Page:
The Kentucky Hemp Industries Association and the Kentucky Hemp Association are merging.

KYHIA was formerly a state chapter of the national Hemp Industries Association but in July, the HIA disaffiliated all 13 of its state chapters due to a failure to pay dues owned to its state chapters.

The merged associations will operate under the KYHA banner with KYHIA President Tate Hall continuing on as president of the newly merged association with former KYHA President Katie Moyer joining the board as secretary of the new association. The merger will only serve as a positive as it establishes a Kentucky-focused hemp organization, said Hall.

“The merger gives us more freedom,” he said. “While it is a new association by name, we will be honoring all previous KYHIA business and individual membership through spring 2021. Our board is in place and we have added new members and leadership. We are a stronger organization through the merger. Our lobbying goals and connections with congressional and senate leaders have not changed. Truth be told, all of these relationships and efforts are focused solely on Kentucky. We can be more focused and nimble in focusing on the needs of the state while maintaining our relationships nationally. It is an exciting time.”

First District U.S. Rep. James Comer is in full support of the merger and believes it will only strengthen the state’s hemp initiatives, he said.

“As a leader in the movement to legalize industrial hemp, it came as no surprise to me to see Kentucky Hemp pioneers band together to form a cohesive and powerful voice for Kentucky’s hemp farmers, processors, and manufacturers,” he said. “The hemp industry has had its share of obstacles at every turn, but I am confident that the new Kentucky Hemp Association will rise to the challenge and create an environment where hemp can flourish in the Bluegrass State.”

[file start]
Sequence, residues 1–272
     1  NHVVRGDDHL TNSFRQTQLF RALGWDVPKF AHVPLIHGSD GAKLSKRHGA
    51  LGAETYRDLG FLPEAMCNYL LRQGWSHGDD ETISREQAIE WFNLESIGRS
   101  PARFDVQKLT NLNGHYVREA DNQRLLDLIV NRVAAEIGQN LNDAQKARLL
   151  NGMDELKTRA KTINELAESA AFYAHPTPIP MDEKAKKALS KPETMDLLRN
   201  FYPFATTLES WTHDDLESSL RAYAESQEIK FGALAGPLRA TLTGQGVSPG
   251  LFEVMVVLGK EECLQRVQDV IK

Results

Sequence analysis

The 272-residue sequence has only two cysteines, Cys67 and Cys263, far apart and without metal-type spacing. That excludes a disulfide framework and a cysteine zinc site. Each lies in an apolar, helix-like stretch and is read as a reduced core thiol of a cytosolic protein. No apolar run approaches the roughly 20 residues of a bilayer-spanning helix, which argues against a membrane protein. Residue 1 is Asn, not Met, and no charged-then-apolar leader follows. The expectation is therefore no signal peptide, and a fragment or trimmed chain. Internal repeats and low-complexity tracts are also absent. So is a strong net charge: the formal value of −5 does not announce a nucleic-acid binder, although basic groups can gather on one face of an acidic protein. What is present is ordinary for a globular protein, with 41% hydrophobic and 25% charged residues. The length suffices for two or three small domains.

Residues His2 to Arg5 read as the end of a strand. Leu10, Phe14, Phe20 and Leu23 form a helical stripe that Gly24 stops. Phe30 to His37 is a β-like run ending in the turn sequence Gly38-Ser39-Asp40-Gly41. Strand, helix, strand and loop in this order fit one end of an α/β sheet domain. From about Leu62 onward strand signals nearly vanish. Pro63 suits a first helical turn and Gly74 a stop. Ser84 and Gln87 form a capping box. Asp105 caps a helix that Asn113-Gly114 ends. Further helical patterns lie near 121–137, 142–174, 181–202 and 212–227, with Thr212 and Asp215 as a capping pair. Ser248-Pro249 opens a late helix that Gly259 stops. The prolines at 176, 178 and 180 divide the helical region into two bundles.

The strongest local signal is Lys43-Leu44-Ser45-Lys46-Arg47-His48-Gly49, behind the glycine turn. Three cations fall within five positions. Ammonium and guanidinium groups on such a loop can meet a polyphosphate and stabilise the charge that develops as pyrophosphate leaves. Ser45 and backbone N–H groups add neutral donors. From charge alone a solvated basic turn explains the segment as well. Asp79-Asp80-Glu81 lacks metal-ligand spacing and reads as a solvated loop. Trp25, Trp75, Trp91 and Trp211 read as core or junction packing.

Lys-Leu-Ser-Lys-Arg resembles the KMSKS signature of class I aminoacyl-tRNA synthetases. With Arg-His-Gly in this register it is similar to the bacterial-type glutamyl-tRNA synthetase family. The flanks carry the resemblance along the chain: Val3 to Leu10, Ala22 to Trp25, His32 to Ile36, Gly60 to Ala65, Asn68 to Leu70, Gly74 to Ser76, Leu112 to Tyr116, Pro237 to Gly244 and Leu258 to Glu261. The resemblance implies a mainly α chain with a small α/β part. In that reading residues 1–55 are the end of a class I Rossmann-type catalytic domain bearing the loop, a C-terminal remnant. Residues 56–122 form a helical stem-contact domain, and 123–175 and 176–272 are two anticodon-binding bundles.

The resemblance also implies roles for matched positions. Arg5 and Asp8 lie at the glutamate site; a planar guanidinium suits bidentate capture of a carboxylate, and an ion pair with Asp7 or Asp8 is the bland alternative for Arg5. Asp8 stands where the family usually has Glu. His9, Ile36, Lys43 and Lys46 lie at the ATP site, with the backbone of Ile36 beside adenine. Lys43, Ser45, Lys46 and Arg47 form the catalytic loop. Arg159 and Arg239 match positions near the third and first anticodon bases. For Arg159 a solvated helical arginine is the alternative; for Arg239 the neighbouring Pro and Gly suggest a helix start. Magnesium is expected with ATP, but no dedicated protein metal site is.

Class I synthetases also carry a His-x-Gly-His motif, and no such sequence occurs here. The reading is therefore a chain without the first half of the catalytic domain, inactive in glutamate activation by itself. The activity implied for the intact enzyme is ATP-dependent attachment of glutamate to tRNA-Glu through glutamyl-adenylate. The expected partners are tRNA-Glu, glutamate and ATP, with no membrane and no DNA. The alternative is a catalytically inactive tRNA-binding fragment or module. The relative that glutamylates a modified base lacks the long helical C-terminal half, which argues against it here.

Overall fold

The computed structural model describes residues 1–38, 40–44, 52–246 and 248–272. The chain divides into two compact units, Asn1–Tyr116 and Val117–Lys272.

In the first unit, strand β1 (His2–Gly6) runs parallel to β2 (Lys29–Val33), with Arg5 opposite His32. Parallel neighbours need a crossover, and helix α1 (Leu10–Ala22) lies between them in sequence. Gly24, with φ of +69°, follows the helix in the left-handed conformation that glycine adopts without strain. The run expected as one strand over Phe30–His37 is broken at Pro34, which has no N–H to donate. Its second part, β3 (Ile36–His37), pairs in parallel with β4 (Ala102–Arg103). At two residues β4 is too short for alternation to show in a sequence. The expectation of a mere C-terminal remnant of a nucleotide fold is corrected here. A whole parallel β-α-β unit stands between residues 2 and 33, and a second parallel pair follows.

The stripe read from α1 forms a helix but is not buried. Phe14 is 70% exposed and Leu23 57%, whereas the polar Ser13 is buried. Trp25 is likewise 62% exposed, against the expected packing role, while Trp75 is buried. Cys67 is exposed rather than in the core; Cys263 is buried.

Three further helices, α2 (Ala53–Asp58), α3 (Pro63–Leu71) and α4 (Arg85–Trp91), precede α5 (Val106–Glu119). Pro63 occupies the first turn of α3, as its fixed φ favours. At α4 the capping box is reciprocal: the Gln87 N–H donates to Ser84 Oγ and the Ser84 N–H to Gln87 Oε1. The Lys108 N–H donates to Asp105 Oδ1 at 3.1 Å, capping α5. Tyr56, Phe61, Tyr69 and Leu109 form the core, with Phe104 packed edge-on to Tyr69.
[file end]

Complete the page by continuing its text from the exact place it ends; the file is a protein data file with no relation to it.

The merger is exciting for the industry as it makes a leap into further organizing the state’s hemp industry’s stakeholders, said Ryan Quarles, Kentucky commissioner of agriculture.

“Kentucky is well-known for its leadership on hemp policy making,” Quarles said. “We are glad the Kentucky Hemp Association is reorganizing from the hemp fields of the Commonwealth and helping advocate for the future of this crop. Given the current hurdles facing the hemp industry, it is more important than ever before that Kentucky growers, processors, and universities are organized to tackle the challenges ahead.”

The newly unified association will only serve to strengthen lobbying efforts, education, and unity, said Moyer.

“I’m excited to join forces with industry trailblazers in order to build a strong association with others inside the commonwealth,” she said. “We value input from our farmers and stakeholders throughout the industry and my goal is to make sure their voices and concerns are acknowledged in both Frankfort and D.C.”

Stakeholders interested in joining the new Kentucky Hemp Association should contact Aleah Rouse for more information.

Jacob Mulliken, 270-228-2837,

Jacob Mulliken, 270-228-2837,

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